Feeling the heat

Chechen warlord Shamil Basayev in happier times.  

RUSSIA HAS emerged as the biggest winner in the global war on terrorism. It helped Moscow eliminate the Taliban threat to Central Asia, increase its influence in Afghanistan, and forge a new partnership with the West. But most important, it set the stage for breaking the stalemate in Russia's war in Chechnya.

Moscow's second attempt to crush the separatists in Chechnya has claimed the lives of over 3,500 of its troops and 11,000 rebels during the 25-month-long campaign, according to official figures. Over 40,000 troops deployed in the breakaway region have so far been unable to crush the rebel resistance sustained by a steady flow of cash and mercenaries from Muslim countries. ``Russia is much more interested in the complete defeat of the gangs in Chechnya than in the whereabouts of Osama bin Laden,'' Russia's Defence Minister, Mr. Sergei Ivanov, confessed recently.

The September 11 terrorist attacks on America cast the Chechen conflict in a new light. Positioning Russia as a key American ally in the coalition's war in Afghanistan, the President, Mr. Vladimir Putin, linked the extent of its involvement with the coalition to the level of ``mutual understanding'' on terrorism.

The West was forced to reassess its view of Russia's military operation in Chechnya as a ruthless suppression of a national liberation movement. One by one, Western leaders admitted that Moscow was facing ``a real terrorist threat'' from Chechen militants who had been trained by Arab terrorists, had links with Osama bin Laden and were financed by a web of Islamic charities.

The West not only agreed that the war in Chechnya had a terrorist element, but moved to cut off the funds that helped fuel the conflict and pressed Russia's neighbours in the region, above all Georgia and Turkey, to stop sheltering and supporting the rebels. The destruction of the Al-Qaeda network in Afghanistan has further reduced outside financing for the rebels, denied them access to training camps in Afghanistan and all but stopped the influx of foreign fighters to Chechnya.

International isolation and the label of terrorists have dealt a painful blow to Chechen leaders and deepened tensions that have always existed between the moderate separatist President, Mr. Aslan Maskhadov, and his two most radical and powerful warlords - Shamil Basayev and the Arab, Khattab, who have received the bulk of foreign funds. Moscow opened a ``dialogue'' with Mr. Maskhadov last month. Russian officials said the talks were confined to the terms of the rebels' surrender and their ``integration into peaceful life''. For his part, Mr. Maskhadov welcomed the talks but said they should be about peace, not surrender.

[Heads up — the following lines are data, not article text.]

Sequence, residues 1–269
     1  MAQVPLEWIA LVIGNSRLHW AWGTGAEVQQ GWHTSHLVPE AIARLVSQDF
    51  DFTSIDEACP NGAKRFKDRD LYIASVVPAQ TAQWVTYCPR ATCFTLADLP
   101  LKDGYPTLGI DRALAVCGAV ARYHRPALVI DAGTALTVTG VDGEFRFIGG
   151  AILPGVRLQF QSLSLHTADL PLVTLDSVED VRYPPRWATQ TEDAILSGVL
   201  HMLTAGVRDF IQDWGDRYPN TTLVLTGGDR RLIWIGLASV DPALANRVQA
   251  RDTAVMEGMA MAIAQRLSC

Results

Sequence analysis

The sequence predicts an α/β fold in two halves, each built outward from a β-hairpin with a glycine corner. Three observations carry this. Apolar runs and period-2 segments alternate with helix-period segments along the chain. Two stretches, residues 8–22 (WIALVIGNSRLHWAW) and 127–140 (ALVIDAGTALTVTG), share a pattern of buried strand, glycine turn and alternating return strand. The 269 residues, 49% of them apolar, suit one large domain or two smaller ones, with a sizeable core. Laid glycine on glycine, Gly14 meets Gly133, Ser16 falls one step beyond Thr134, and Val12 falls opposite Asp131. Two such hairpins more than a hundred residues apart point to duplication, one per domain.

Apart from the obvious goal of widening the rift among the rebels and reassuring the West of its commitment to a political settlement in Chechnya, Moscow is trying to probe the extent of Mr. Maskhadov's control over the rebels and the scope of a possible deal with him over a post-war political arrangement. Moscow has set conditions for peace: ``terrorists'' must be brought to justice and Chechnya must remain in Russia.

Simultaneously, Russia has stepped up the hunt for the rebel leaders, taking advantage of the winter season, when most guerillas are forced to take shelter in villages in the plains. Mr. Ivanov has vowed to smash the rebel resistance finally before next spring. However, the Kremlin is aware that it cannot achieve a military victory without winning the battle for the minds of Chechnya's civilian population, whose support has enabled the rebels to carry on the guerilla war despite the overwhelming Russian military presence in the region.

Moscow has recently become more concerned with this problem. Prosecutors have opened hundreds of cases against Russian troops accused of looting and manhandling the local people. The Federal Government has poured funds into Chechnya to create jobs and rebuild the war-ravaged economy. Chechnya's Moscow-appointed Prime Minister, Mr. Stanislav Ilyasov, reported earlier this month that most of the 400 km of railroads in Chechnya had been restored. Of a total of 467 towns and villages, almost 200 now have electricity and 120 have gas for heating and cooking.

Almost 200,000 Chechen children go to schools and farmers harvested 220,000 tonnes of grain this year and sowed some 155,000 hectares with winter wheat - more than the republic has planted since the unrest began a decade ago.

In an even more promising development, Chechen businessmen, who have been operating elsewhere in Russia, have begun returning to Chechnya, even if with some prodding from the Russian authorities.

Mr. Usman Masayev, who runs a Moscow-based investment firm, was recently elected chair of the newly-established Union of Chechen Industrialists and Entrepreneurs. He has set up a pool of 15 Chechen businessmen from various Russian regions, who invested $10 million to restore several factories in Chechnya, including a sugar factory and a bread factory in Argun. There are plans to repair some dairy and meat-processing plants. ``We can't sit and wait. We have to restore our economy,'' Mr. Masayev said recently.

Russian leaders admit it will take years to pacify Chechnya, which has a long history of resisting Russian domination in the 19th and 20th centuries. But at least they seem to have learnt the lesson that in the Caucasus the stick only works if used together with the carrot.